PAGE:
20th Apr 2019


European parliaments' body facing 'identity crisis'

The largest meeting to take place under the Polish Presidency will in all likelihood be a group you have never heard of. Hundreds of participants gather in Warsaw Monday (3 October) for the plenary meeting of COSAC, the biannual meeting of the European Affairs Committees of EU national parliaments.

Up to six members of each national parliament and of the European Parliament will attend, along with representatives from candidate countries’ parliaments and other invited guests, and numerous staff and translators. COSAC is the most prominent forum bringing together representatives of national parliaments – as opposed to governments – in the EU. On the agenda for this meeting are discussions of the EU budget and a visit from the Polish prime minister.

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  • Hungarian parliament. Some kind of new interparliamentary conference for the scrutiny of EU foreign and defence policies is needed (Photo: Lassi Kurkijärvi)

Yet a broader question hangs over the event. Right now COSAC is undergoing something of an identity crisis. Participants are unsure whether it is, at bottom, a “technical” body or a “political” body.

Since its first meeting in 1989, its mission has been primarily technical, in that it has enabled national parliamentarians from different countries to share with one another their techniques of EU scrutiny. Most national parliaments see keeping an eye on the EU’s activities as a corollary to their main job, which is to keep an eye on their own governments. COSAC itself has no real decision-making power.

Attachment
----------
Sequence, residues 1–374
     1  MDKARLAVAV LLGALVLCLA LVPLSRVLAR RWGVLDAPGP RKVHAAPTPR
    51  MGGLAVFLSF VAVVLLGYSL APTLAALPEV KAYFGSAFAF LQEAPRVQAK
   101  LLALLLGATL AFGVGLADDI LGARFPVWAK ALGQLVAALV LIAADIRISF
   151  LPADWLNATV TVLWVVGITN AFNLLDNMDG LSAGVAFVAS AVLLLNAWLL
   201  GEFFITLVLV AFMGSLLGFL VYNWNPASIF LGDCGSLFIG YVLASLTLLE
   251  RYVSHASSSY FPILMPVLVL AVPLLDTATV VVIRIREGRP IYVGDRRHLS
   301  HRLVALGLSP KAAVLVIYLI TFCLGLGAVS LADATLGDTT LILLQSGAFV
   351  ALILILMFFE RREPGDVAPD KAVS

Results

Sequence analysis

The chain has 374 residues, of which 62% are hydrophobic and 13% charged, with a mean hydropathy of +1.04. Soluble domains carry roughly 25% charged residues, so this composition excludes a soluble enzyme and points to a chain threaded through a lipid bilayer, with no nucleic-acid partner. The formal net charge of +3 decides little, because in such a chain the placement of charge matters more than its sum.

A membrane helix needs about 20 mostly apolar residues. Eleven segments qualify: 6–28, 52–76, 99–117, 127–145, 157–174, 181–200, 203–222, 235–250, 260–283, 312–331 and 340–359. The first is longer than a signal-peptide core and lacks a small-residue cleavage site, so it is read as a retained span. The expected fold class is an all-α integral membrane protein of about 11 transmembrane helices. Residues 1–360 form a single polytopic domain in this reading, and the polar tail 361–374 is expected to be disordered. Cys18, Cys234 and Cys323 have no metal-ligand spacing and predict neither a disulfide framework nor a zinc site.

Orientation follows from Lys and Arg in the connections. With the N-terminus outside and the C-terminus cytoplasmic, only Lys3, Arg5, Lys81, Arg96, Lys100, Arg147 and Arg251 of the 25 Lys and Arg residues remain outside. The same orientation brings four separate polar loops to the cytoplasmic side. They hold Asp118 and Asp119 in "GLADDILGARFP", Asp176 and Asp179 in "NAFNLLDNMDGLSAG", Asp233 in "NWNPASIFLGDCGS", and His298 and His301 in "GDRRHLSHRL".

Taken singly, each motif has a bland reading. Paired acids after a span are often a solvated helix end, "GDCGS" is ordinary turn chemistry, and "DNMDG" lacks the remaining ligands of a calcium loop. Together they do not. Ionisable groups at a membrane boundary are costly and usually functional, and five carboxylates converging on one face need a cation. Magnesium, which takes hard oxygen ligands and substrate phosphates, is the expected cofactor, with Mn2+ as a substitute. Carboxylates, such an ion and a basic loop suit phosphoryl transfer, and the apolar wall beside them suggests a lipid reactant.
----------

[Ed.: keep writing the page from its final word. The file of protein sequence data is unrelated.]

However, there has always been a political dimension to the work of COSAC as well. Its participants are, after all, elected politicians. Recently, political questions have come to the fore as the Lisbon Treaty increased the powers of national parliaments within the EU system. In this light, many argue that COSAC should devote more time to debating matters of general political interest, such as the “State of the Union,” or the foreign and defense policies of the EU.

Yet given the limited time available – the plenary only lasts from Monday morning to Tuesday lunchtime – delegates ought to focus on those areas where COSAC has expertise and can add value, and avoid extraneous subjects. For example, at the COSAC meeting in Madrid in May 2010, some participants wanted to discuss and/or condemn the Israeli raid on the Gaza relief flotilla, which had taken place the night before. But is a meeting of representatives of EU affairs committees really the best forum for such a debate?

Proper parliamentary oversight

Certainly, the EU’s recently strengthened foreign and defense policies must be subject to proper parliamentary oversight. As these policies are still largely intergovernmental and thus the powers of the European Parliament are limited, it is necessary that national parliaments exercise some form of joint scrutiny over them. This is doubly important now, because another interparliamentary body that used to exercise such oversight, the Assembly of the Western European Union, has just been abolished.